As vote counting continues, here are five things to know about the elections in the East African nation.
And experts say that's unlikely to change.
Museveni, 71, has been in office since his rebel group seized power in 1986. In 2005, the constitution underwent changes to allow him to extend his term.
As he tries to maintain his grip on power, experts emphasized the difficulty of unseating incumbents on the African continent.
"A re-election for Museveni would signal the persistent advantages incumbents have in controlling the political process, making it very difficult for opposition parties or candidates to compete with national structures, finance and support from partisan government institutions," said Magnus Taylor, an analyst at the International Crisis Group.
African leaders have come under fire for extending term limits. Rwanda amended its constitution to allow its leader to potentially rule until 2034. In nearby Burundi, the President's decision to change the constitution to run for a third term last year sparked violence that left more than 300 people dead.
2. Uganda is a major U.S. ally
The United States' diplomatic relations with Uganda date back to 1962, when the nation gained independence from Britain.
Since taking over, Museveni has been credited with keeping Uganda safe despite terror strikes in nearby nations.
Al-Shabaab attacked the capital, Kampala, six years ago
, but the nation has remained relatively free of terrorism despite sending troops to fight the militants in neighboring Somalia. Its neighbor, Kenya, has been been under constant attacks by the terror group since it sent troops to Somalia.
The U.S. considers Uganda an ally in regional security
, especially because its troops are a key part of the African Union forces battling the extremists in Somalia.
3. Incumbent, competitor have complicated past
Opposition leader Kizza Besigye, 59, is the incumbent's closest competitor and one of eight candidates running for president this year.
He is also Museveni's former doctor who served as a minister in his Cabinet.
This is not Besigye's first attempt to unseat his former boss. He lost presidential bids in 2001, 2006 and 2011.
Since cutting ties with his former patient, Besigye has had a rocky relationship with the government, which he describes as authoritarian.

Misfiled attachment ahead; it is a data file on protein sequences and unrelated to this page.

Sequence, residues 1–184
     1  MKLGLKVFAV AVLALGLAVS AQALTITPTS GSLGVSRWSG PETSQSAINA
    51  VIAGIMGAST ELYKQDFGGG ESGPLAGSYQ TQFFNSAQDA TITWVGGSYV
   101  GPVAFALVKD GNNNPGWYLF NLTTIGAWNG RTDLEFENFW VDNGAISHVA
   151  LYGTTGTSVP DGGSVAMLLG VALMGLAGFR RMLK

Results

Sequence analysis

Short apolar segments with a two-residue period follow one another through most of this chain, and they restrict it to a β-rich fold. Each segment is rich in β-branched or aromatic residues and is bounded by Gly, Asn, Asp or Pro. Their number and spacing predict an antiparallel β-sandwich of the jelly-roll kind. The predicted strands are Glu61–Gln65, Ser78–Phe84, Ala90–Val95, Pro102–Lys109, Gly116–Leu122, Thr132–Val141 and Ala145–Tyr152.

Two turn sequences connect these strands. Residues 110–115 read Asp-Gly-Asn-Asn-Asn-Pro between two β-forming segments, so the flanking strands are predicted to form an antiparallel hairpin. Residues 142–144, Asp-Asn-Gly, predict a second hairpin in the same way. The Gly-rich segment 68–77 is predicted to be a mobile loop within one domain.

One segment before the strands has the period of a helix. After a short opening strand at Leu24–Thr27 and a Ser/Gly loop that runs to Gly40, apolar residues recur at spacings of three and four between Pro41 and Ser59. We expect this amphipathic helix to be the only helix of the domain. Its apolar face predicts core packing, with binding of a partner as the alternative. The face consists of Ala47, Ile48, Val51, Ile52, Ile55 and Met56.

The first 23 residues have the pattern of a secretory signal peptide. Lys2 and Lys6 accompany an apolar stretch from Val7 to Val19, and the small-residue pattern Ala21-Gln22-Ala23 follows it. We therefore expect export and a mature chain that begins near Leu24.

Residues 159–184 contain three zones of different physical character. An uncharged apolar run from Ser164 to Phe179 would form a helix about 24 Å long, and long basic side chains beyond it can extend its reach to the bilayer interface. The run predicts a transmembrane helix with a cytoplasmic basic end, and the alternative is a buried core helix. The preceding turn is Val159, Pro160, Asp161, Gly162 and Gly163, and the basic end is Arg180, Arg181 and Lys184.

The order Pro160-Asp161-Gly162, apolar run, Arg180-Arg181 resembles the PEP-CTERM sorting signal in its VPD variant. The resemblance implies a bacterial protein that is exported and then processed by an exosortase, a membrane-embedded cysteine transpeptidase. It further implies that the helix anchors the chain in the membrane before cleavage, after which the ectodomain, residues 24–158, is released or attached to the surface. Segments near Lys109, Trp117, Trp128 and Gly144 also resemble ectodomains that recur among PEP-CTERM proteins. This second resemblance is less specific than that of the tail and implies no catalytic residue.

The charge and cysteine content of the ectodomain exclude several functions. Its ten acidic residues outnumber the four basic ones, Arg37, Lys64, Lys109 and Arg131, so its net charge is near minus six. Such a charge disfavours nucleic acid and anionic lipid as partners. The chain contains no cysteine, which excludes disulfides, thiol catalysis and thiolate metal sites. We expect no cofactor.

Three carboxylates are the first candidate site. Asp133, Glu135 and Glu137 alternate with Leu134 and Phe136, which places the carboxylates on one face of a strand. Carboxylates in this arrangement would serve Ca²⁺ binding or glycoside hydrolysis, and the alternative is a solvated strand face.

He has been arrested numerous times, especially during the campaign season. On Thursday -- election day -- he was detained after he tried to enter a facility he said had illegal election materials, police said.
He was being detained at his home Friday as one of six opposition officials held under "preventative arrest," police spokesman Patrick Onyango said.
The officials were detained because they were heading to announce election results tallied by the opposition and not election officials, Onyango said.
"They are not mandated under any law to announce results," Onyango said.
Meanwhile, the Red Cross said two people died following violence at the offices of the opposition party, which had been besieged by police and military forces.
4. President banned social media
On top of Besigye's arrest, tensions mounted over a spontaneous ban on social media
and allegations of voter fraud. On Thursday, the government stopped voters from tweeting or updating their Facebook pages.
Incumbent Museveni defended the ban as a "security measure to avert lies" during the election.
But many citizens used encrypted private networks to circumvent the ban. Maybe they learned from the past. A similar shutdown occurred during the 2011 general election.
Human rights groups condemned the clampdown.
"Without clearly defined security concerns, this closure is nothing but an exercise in censorship as Ugandans elect their leaders," said Sarah Jackson, Amnesty International's deputy regional director.
5. Social media played a key role in election
Throughout the election, social media has been a rallying and debate tool.
In January, Ugandans used the hashtag #1986pictures
with tweets of old pictures and remarks such as "In 30 years, everything has changed in Uganda except the President."
Rights groups have warned that freedom is under threat.
"Uganda has seen increased levels of authoritarianism in the last decade," said Magnus Taylor, Horn of Africa analyst at the International Crisis Group. "This has come in waves, most evident during election period when a generally strident opposition has clashed against the President's anti-democratic tendencies."